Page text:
Japan's Hiroshi Mikitani, Chairman and CEO of Rakuten, plans to give away much of his $7.7 billion online retailing fortune to raise the standard of English in Japan. Another notable giver is Tetsuro Funai, who started the Red Sox US-Japan Youth Baseball Exchange with the Red Sox Foundation in 2008. Each year Japanese teenagers visit Boston or Boston youths visit Japan for 12 days and learn about a different culture via their love of baseball. Malaysia's Syed Mokhtar Al-Bukhary has donated $500 million to help those devastated by natural disasters in Asia and elsewhere. Beneficiaries have included refugees in Pakistan, orphanages in Guinea and rehabilitation programs for disaster victims in China, Indonesia and Iran. Meanwhile, Anthony Fernandes' AirAsia Foundation has raised more than $2 million for survivors of November's Typhoon Haiyan in the Philippines to rebuild housing and help people start convenience stores in their homes.

Doing his part in providing disaster relief is Enrique Razon Jr., Chairman and CEO of International Container Terminal Services in the Philippines, whose charity work includes rebuilding Tacloban's airport and moving relief supplies through the seaport. His companies have put up $5.7 million for a hospital building. His ICTSI Foundation is also repairing five day care centers in storm-wracked Samar Province. Singapore billionaire Peter Lim endowed the Peter Lim Professorship in Peace Studies with a $2.4 million donation, while Chua Thian Poh has donated at least $10 million towards college-level education in the city-state since 2008.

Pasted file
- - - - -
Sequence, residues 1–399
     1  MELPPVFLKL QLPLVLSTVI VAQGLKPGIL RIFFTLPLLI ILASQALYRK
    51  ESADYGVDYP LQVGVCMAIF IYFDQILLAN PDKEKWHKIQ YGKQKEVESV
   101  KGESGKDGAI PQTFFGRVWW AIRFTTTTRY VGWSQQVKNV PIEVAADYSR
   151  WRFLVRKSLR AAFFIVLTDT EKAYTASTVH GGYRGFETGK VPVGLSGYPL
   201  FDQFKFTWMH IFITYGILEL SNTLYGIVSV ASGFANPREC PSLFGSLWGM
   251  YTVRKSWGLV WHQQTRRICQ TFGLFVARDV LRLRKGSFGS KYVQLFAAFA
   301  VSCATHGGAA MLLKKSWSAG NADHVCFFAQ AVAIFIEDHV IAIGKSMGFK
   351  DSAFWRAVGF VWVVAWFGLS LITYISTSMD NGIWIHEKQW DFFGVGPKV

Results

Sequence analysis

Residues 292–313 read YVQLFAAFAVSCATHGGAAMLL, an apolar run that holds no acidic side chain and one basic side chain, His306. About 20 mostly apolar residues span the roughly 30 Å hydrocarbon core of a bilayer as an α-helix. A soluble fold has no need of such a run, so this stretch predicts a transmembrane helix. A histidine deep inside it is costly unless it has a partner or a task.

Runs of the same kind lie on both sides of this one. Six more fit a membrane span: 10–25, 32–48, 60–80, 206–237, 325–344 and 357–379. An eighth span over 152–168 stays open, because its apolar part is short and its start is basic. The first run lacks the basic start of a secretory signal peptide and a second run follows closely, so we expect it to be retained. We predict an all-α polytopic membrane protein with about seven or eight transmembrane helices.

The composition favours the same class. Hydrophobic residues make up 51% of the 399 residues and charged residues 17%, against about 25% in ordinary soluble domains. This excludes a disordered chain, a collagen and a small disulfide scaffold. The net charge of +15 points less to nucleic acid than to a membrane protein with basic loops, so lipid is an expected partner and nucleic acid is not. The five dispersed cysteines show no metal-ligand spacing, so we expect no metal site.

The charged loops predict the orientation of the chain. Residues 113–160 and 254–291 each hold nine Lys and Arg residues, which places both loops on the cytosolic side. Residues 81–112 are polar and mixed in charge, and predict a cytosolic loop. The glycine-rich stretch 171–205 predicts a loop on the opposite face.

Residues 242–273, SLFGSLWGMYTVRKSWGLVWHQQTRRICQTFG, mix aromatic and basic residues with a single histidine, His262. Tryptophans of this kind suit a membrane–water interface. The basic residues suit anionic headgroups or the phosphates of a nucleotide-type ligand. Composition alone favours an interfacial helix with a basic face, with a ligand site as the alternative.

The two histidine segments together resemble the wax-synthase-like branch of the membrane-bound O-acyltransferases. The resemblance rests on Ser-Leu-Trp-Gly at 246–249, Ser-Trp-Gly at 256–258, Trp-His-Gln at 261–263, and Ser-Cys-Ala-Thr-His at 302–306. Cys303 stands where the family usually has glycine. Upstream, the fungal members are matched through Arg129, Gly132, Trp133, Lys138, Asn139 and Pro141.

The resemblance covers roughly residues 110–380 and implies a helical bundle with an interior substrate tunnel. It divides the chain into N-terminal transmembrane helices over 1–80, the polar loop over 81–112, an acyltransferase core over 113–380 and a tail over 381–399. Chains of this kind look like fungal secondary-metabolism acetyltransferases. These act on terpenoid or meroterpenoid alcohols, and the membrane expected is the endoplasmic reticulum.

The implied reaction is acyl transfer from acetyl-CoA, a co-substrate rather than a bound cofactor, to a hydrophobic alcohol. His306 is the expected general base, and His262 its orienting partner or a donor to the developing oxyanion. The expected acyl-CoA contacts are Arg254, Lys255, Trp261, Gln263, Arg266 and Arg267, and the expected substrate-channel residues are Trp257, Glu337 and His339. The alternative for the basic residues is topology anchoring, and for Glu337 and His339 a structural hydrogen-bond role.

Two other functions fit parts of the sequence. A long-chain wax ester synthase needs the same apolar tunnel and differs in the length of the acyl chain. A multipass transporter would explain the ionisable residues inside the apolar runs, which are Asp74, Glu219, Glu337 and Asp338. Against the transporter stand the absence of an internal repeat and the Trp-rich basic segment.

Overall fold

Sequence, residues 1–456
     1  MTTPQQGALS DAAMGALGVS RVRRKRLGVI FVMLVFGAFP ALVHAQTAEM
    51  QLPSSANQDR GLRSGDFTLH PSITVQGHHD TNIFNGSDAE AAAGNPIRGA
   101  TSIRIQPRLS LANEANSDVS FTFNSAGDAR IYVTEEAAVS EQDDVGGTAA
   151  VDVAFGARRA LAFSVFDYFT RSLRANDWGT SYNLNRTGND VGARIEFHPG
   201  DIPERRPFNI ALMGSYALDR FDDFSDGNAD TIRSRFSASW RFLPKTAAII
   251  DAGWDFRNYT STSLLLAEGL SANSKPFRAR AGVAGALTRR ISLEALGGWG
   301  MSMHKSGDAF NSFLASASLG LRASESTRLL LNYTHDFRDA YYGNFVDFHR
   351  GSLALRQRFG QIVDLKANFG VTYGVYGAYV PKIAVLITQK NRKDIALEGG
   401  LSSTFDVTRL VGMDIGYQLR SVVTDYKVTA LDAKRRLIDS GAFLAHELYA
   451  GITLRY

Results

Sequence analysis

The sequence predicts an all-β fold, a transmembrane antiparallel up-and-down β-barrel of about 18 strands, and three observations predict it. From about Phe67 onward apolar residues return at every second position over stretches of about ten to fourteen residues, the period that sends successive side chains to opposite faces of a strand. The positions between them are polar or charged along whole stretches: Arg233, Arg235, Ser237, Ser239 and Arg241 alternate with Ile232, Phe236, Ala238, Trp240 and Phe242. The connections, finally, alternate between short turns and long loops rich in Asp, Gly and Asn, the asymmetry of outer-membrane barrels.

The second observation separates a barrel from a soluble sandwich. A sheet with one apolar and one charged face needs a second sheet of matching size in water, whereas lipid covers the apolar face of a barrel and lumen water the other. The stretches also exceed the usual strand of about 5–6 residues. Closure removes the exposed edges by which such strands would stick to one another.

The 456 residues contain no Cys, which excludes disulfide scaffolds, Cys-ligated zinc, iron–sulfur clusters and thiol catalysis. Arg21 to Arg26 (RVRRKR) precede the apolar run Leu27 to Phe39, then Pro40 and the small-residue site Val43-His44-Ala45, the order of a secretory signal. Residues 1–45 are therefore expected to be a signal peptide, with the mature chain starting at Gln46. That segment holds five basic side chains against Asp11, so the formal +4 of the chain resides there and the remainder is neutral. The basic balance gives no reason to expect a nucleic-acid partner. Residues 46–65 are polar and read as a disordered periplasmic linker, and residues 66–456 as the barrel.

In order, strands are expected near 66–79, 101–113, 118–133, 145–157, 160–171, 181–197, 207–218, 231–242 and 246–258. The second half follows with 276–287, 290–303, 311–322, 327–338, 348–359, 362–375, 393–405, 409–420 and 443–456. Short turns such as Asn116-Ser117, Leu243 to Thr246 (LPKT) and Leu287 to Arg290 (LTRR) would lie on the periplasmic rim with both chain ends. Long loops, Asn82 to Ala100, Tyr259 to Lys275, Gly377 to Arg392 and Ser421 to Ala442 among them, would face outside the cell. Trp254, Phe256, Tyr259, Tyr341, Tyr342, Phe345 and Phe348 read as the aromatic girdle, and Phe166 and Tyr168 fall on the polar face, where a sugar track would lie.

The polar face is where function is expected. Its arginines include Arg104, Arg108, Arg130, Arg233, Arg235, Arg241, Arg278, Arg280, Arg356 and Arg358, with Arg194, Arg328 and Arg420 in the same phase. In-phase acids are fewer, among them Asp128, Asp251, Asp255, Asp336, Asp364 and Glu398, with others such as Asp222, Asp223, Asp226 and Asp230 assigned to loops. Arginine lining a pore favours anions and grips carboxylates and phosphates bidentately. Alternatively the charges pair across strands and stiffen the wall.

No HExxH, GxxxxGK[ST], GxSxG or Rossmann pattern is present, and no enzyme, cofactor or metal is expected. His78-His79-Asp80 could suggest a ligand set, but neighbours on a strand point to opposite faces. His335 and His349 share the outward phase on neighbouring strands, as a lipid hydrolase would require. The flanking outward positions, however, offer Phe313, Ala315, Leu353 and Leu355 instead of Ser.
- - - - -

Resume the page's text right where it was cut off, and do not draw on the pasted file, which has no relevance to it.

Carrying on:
South Korean Olympic figure skater and celebrity, 23-year old Kim Yuna, is also making an impact. She started her philanthropy in 2007 when she first reached stardom and has given a total of $2.4 million to causes ranging from relief for victims of Typhoon Haiyan and the earthquake and tsunami in Japan in 2011. After the Sewol ferry tragedy, she donated $100,000 to UNICEF to support survivors and victims' families. Meanwhile, Mirae Corp.'s Jeong Mun-Sul gave KAIST, formerly the Korea Advanced Institute of Science & Technology, $21 million to conduct brain science research and develop academic talent.

Taiwanese Samuel Yin, Chairman of Ruentex Group, donated $14.6 million last year to Taipei Veterans General Hospital and National Yang-Ming University for developing medical talent, and $4 million to help the government promote Taiwanese culture abroad. He has also dedicated $100 million to establish the Tang Prizes, which recognise leaders in sustainable engineering, biotechnology and Han Chinese studies.

In Thailand, Tipaporn Chearavanont, daughter of Thai billionaire Dhanin Chearavanont, helped start the Buddharaksa Foundation, which refurbishes orphanages, provides children with scholarships and contributes to the maintenance and education of Buddhist clergy. Her Magnolia Quality property company sponsors environmental-protection activities and hands out the iCARE award to social enterprise projects that promote communal care and social awareness.

Boonchai Bencharongkul, on the other hand, built the $8.4 million, six-story Museum of Contemporary Art, Thailand's largest privately funded museum. It opened in 2012 and boasts the largest permanent display of contemporary Thai art.

More on the 48 philanthropists and other related stories can be found in the July issue of Forbes Asia, now on newsstands. For more information, visit www.forbes.com/altruists.